Housing Data Tells a Confusing Story – It Doesn’t Add Up

If you tabulate multiple data sources, housing data tells a confusing story that doesn’t add up.  According to Michael Feder, CEO of Radar Logic, a data and analytics company that produces the RPX value for housing markets in the United States, recently released market data isn’t adding up.

Multiple sources have shared housing market data over the past few weeks, and Feder claims much of it is contradictory. First up, the National Association of Home Builders released a Housing Market Index of 16 on February 15th. To put that number into perspective a 50 is neutral. Anything greater is considered positive, while anything lower is considered negative.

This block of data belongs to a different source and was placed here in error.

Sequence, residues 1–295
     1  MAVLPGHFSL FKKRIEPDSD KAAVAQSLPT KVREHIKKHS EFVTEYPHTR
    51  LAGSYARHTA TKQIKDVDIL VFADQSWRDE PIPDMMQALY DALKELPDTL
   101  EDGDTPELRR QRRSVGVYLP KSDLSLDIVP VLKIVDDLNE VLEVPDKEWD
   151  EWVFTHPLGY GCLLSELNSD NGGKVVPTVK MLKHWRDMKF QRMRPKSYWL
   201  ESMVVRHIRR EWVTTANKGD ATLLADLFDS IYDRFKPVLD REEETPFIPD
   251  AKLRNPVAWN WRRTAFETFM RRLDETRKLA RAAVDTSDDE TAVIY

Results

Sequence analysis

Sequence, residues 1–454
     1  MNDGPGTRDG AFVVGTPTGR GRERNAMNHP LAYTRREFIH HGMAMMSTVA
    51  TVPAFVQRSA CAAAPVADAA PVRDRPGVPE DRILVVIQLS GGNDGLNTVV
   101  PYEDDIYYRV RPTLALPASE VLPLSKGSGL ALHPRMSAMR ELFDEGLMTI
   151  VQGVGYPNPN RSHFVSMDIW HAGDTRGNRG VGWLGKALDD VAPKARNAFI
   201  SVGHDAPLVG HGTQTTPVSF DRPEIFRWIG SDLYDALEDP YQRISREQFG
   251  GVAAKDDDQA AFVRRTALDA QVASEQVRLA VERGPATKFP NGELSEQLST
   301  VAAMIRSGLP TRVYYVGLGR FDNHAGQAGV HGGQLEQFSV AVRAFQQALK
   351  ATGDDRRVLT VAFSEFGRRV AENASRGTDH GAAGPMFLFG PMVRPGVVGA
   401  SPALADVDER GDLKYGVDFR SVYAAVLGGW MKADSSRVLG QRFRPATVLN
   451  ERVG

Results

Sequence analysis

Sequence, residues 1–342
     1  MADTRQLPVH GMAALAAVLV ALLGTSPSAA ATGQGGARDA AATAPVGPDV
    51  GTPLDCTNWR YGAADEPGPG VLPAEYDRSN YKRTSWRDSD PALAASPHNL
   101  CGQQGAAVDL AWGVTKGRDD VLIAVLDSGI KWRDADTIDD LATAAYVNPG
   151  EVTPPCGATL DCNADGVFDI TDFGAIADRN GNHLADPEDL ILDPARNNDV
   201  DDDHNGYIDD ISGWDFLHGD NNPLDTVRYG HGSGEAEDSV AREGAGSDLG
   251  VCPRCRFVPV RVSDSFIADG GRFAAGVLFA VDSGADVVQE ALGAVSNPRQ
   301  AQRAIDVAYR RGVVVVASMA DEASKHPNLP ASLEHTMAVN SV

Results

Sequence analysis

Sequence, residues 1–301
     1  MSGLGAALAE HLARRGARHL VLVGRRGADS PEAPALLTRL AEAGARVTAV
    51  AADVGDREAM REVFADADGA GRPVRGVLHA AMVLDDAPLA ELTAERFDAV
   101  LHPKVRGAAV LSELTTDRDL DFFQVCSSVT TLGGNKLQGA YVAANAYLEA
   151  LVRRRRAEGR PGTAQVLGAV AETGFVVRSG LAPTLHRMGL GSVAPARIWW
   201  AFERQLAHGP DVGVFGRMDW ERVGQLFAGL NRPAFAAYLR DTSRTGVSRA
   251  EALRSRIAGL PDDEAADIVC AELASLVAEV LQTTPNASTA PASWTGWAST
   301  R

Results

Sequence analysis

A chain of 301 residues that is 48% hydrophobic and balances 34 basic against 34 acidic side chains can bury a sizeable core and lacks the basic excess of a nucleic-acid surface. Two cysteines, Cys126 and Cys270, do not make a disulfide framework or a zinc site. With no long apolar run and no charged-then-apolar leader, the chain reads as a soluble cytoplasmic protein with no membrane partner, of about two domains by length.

One day later the U.S. Census Bureau released their housing starts and permits for January. Starts were up 14 percent and permits were down 10 percent. Several days later the S&P Case-Shiller Home Price Index for December was released showing declines across the board.

So, which is it? Feder claims that overall we are in a declining market, and that is due in part to excess inventory. To get an idea of the amount of inventory available we can look at the Housing Scorecard for January 2011, which lists approximately 3.5 million homes for sale, and 3.5 million home that are vacant.

Feder forecasts that as the springtime home buying season begins activity will increase, we’ll hear whispers of good news on the housing market front. However, he also predicts that as long as there is an excess inventory the decline will continue.

Read the full story at Aol Real Estate.

 

 

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